For the best results, continuously degas your mobile phase. Reducing the amount of gas will also improve signal to noise levels of detection, reduce drift and reduce pump cavitation. If you are using an electronic vacuum degassing module, make sure it is maintained and working 100%. A faulty degasser may cause more damage (contamination) to your system and methods. Maintain and Repair them just as you do for your other instrument modules. Gas bubbles may cause check valves to malfunction (get stuck), baseline noise spikes to appear randomly, flow rates and/or pressures to become irregular, detector outputs to show high levels of noise (from air in the flow cell) and also cause the loss of prime or cavitation in pumps. To achieve the best balance of low noise levels and high reliability, both aqueous and organic mobile phases should be fully degassed before and during use. This can be accomplished through stand-alone inline vacuum degassing modules or through gentle continuous helium gas sparging (*Helium makes an excellent choice of gas as it is not soluble in the mobile phase. Never use Nitrogen or Argon gas, they are soluble in the liquid!). In all cases, degassing must be continuous (not just done one time). Continuous degassing reduces cyclical noise and signal variations. For this reason, I do not recommend using ultrasonic baths to degass mobile phase solutions as these are not used in a continuous mode. The mobile phase solution starts to re-absorb gas as soon as you stop sonicating the solution. This results in continuous baseline drift (up and down).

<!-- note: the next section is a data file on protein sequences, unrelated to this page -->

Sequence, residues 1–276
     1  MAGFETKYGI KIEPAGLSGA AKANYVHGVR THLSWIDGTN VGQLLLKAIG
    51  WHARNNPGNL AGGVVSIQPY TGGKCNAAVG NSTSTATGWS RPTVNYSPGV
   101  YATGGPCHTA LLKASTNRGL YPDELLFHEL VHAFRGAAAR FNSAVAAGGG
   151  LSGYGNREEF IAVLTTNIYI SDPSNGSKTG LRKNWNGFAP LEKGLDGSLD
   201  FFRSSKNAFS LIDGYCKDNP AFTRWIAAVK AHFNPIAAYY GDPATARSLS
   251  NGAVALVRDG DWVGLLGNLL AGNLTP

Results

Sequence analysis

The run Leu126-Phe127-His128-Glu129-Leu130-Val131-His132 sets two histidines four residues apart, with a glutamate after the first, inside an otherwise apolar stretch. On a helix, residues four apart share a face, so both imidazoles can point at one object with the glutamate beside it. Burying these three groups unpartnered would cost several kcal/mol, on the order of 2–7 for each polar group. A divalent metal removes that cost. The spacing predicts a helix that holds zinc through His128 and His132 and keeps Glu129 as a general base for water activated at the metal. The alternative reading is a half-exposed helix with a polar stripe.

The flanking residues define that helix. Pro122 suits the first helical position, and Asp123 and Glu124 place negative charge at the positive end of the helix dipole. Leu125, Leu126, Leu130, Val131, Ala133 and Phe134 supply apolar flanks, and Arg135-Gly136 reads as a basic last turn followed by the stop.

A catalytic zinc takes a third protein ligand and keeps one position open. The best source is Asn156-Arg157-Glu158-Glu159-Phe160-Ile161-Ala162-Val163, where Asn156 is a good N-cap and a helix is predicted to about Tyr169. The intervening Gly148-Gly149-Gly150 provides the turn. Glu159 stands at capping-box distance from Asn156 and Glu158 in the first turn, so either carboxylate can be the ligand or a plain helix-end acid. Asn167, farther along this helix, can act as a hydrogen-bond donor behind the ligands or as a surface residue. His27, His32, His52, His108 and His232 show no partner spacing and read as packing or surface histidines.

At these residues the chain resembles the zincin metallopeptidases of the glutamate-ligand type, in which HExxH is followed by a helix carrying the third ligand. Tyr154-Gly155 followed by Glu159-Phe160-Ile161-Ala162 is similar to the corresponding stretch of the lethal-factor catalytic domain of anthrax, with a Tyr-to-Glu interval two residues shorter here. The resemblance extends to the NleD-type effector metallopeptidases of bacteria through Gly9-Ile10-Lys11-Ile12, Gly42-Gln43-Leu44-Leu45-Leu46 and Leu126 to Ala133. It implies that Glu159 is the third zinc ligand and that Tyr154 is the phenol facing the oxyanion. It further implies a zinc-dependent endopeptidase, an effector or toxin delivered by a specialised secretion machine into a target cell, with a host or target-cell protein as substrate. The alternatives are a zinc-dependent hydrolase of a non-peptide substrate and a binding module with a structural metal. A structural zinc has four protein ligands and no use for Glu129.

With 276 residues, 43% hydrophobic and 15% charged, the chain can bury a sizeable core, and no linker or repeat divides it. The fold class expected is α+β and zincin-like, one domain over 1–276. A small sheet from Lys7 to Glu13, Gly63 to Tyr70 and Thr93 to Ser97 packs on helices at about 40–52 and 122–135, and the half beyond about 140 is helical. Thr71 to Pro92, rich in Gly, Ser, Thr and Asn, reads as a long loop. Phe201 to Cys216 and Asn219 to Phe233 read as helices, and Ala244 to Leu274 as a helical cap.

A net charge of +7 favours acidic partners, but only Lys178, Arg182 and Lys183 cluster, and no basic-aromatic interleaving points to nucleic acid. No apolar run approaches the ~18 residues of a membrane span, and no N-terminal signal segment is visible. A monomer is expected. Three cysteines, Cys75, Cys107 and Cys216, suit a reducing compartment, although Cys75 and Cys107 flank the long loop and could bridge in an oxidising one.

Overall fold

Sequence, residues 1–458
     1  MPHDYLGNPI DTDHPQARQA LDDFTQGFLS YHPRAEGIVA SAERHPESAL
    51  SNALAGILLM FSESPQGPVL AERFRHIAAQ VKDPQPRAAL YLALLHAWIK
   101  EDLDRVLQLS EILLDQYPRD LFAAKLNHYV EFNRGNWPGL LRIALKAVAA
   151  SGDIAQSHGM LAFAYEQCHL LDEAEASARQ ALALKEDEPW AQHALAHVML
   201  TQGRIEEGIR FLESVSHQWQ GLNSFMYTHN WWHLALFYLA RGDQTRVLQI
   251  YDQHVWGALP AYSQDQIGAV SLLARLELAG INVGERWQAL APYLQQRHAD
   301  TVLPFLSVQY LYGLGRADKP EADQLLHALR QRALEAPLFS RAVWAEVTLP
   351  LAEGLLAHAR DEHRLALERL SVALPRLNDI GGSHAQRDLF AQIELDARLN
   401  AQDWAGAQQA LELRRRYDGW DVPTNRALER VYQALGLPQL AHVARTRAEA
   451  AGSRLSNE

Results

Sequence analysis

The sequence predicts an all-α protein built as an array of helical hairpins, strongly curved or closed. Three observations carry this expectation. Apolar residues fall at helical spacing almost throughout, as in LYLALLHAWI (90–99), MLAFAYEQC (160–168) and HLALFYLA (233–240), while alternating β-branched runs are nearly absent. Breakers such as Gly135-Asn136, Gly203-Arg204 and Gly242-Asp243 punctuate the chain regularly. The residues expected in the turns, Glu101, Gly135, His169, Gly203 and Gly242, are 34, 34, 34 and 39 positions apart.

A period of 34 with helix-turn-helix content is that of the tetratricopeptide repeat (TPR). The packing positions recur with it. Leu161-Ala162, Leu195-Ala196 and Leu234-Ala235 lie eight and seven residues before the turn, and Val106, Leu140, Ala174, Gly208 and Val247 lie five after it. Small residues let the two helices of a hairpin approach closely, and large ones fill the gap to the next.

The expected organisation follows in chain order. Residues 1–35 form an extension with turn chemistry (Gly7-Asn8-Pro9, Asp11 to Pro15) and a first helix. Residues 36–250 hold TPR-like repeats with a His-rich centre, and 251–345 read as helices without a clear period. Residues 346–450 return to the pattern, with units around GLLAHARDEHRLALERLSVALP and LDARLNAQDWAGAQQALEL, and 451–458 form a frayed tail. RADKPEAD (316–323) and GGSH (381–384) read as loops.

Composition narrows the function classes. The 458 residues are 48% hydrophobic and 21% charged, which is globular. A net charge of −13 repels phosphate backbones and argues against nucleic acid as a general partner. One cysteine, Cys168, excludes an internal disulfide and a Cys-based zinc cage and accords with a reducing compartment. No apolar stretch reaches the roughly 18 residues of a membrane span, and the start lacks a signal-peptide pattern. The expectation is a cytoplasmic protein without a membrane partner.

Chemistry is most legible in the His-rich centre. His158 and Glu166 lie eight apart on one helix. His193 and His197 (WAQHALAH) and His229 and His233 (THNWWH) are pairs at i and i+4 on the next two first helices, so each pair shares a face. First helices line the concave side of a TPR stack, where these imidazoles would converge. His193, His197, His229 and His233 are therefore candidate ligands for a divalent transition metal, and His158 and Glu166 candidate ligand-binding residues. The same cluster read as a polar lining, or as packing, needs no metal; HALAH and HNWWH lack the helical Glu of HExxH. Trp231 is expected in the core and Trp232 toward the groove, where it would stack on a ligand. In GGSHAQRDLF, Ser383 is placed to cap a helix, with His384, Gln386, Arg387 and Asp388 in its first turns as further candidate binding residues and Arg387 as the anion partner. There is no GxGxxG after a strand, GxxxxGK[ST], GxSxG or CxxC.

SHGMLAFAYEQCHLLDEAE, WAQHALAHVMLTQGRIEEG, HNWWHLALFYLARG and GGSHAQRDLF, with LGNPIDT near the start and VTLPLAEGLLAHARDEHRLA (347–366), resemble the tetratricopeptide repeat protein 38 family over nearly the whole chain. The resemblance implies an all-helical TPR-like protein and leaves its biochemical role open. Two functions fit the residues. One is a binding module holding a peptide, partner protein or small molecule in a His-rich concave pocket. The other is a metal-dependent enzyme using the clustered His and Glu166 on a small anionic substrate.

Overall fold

Removal of gasses is critical to the function of a modern HPLC pumping system. The liquids used are compressed to very high levels which forces out solubilized gas from the solutions. This is best accomplished before the liquid is transferred into the pump. These gas bubbles must be minimized to achieve desirable baselines. *Even if you use a high pressure pumping system, an inline degassing system reduces the amount of noise and baseline drift. Properly maintain and service your degasser to insure compliant operation. IOW: Whichever method you use, always degas your mobile phase solutions.

One other less common cause of baseline spikes and random noise is due to either a dirty flow cell (i.e. the windows) or an air bubble trapped inside the flow cell. If the flow cell is suspected of having one of these problems, then it should be carefully rinsed or flushed out with an appropriate mixture of suitable solutions to expel the air bubble or remove the contamination. If possible, keep a spare, 'known good' flow cell on hand to swap out for troubleshooting purposes. This can help to quickly determine where the problem is. This flow cell must be the exact same size and type (volume and path length) for this purpose. If the cell's windows are contaminated and flushing does not restore them, then many manufacturer's offer kits which allow you to replace the windows and gaskets used. Warning: When attempting to clean or repair any flow cell, be sure and work within the manufacturer's operational specifications for the specific flow cell. Some flow cells are not designed to withstand even very low back pressure and damage can result if you exceed their maximum pressure or chemical rating.

Many other types of problems not mentioned in this short article can also cause baseline noise. For example, a sticking inlet or outlet valve on the pump, worn piston seals, worn out detector lamp(s) or detector electrode (EC) can induce noise. In all cases, the cause must be investigated in a logical, step-wise manner. Demonstrate what is working and rule out items one-by-one.